She writes about her own experience of violence from boys in school and college but says it is not surprising because young Nigerian men are conditioned to think they are superior to women and it is OK to act rudely or slap a woman.

So where do I stand on supporting the “brothers”? I don't. I don't believe in supporting my country just for the sake of it being my country. Truth comes first. And my words are important. So I will always speak before I even consider support. Speech must come first because women/girls are conditioned to be silent. So I support african women speaking, even if, especially if it is to the detriment of the african male as a construct, even if it hurts african men.

Weichegud!ET Politics writes a tribute to Ms Bertukan Mideksa who is vice-chairperson of the Coalition for Unity & Democracy Party. Ms Mideksa has been imprisoned by the Ethiopian authorities.

You made it difficult for us to give up on Ethiopia. How can we? If people like you can stand in the middle of the boulevard of ruined dreams and urge us ahead, how can we say we’ve done our part and retreat? You’ve made it difficult, Birtukan. You’ve made it impossible for me to forget what Ethiopia has done for me, and what I should do for Ethiopia.

Mshairi expresses herself wonderfully as always through her poetry. Her poem “The Contemptible Lout” speaks for itself.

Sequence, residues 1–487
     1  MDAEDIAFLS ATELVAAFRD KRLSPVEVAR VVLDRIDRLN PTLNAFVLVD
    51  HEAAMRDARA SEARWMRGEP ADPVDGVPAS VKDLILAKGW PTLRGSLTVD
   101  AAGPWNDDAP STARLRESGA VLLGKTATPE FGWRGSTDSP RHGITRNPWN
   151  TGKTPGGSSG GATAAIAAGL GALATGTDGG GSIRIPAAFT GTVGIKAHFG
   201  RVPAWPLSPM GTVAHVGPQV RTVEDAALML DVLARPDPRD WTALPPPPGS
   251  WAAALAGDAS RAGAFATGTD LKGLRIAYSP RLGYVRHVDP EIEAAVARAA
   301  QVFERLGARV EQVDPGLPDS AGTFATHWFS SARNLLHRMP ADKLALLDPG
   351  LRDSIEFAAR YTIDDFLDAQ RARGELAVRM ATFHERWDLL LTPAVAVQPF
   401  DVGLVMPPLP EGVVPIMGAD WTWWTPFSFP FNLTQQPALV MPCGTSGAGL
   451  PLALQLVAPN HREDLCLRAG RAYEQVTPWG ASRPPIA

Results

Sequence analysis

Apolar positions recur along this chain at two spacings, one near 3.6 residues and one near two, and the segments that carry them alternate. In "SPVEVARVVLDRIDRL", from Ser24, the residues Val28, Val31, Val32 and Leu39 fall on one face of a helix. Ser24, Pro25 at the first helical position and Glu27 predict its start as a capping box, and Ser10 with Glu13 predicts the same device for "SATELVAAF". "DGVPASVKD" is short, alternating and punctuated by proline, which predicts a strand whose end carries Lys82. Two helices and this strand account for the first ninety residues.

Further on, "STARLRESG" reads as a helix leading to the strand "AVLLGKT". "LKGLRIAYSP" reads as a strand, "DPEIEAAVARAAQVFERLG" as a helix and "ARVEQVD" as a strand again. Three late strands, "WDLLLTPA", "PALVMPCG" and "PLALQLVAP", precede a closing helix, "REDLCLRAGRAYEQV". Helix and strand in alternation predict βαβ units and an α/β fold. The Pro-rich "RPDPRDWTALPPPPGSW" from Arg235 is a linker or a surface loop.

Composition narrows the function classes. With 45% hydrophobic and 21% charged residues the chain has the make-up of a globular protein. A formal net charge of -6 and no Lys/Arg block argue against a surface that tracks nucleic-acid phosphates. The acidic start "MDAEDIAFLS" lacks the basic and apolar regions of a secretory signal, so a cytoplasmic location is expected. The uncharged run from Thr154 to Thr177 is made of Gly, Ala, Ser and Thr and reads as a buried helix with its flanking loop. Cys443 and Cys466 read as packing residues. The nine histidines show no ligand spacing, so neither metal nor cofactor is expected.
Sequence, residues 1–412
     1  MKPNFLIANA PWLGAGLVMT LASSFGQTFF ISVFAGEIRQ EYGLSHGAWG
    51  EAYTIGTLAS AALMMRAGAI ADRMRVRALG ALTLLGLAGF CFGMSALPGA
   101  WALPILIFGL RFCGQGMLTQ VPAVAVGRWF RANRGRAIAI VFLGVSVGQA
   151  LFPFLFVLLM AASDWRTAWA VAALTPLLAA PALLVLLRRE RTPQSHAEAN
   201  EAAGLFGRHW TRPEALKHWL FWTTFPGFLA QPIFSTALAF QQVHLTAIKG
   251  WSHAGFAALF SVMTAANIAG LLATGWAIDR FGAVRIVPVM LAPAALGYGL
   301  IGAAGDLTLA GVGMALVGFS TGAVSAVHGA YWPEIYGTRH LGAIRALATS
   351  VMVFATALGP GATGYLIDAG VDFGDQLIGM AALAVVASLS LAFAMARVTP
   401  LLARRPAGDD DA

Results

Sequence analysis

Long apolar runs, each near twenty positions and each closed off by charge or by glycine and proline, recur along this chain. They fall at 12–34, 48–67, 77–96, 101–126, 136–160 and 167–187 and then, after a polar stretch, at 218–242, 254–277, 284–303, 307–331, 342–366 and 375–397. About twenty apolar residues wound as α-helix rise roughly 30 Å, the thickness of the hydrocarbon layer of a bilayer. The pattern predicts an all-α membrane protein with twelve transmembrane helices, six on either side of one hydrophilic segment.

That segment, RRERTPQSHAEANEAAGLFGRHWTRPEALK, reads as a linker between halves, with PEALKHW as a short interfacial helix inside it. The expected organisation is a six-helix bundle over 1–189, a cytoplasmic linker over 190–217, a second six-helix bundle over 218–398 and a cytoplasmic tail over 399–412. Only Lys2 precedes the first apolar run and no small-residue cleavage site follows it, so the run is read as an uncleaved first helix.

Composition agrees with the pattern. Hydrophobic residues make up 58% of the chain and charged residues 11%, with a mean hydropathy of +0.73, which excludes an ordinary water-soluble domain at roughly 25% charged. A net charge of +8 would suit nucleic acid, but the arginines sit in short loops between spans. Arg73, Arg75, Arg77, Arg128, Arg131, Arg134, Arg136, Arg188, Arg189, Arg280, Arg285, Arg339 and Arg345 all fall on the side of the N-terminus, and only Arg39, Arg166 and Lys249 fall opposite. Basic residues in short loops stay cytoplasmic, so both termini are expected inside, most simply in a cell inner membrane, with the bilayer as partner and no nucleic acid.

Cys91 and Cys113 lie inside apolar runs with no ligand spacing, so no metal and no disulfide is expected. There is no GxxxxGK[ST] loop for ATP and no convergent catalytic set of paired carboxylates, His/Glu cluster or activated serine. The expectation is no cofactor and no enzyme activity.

He weaves and ducks
Scattering misery and malice
A little here
A little there
Shamelessly two-faced
Brashly insincere
In his wretched meanderings
His heart will never inspire
Neither feel nor know love
Where his soul should be
An abscess resides

What an African Woman Thinks has been reading WMAHUBE, a collection of speeches by Thabo Mbeki.” In this post she discusses one particular speech around corruption in which Mbeki claims there was elatively little corruption in pre-colonial Africa. Rombo takes issue with this claim .

What about slave trade? Were no chiefs complicit in the enslavement of their own people for material gain? What about colonialism? Were there no Africans who betrayed their own for personal gain? Was there, at this intersection between the African and the Foreigner, a sudden eruption of the corruption of the mind and the soul?………..It’s on sale, but I’m not buying.

She does however agree with Mbeki on one aspect of corruption which is that it should not be discussed without also discussing ” emocracy, transparency, accountability and social inclusiveness.”

Ethiopian blog Concoction points out the contradiction of international aid as the Dutch withdraw funding from Kenya because of corruption and China claims it will not meddle in Africa's internal affairs…

Long blogs ago, I said that aid has never been free. And it will never be. Therefore, we shouldn’t waste time even thinking, let alone write, about China's benefit from Africa… Of course! The benefits are not just raw materials and a good dumping ground for cheap Chinese stuff, but also politically. China is gathering the support of most African countries to have more political leverage internationally – within the UN, for example.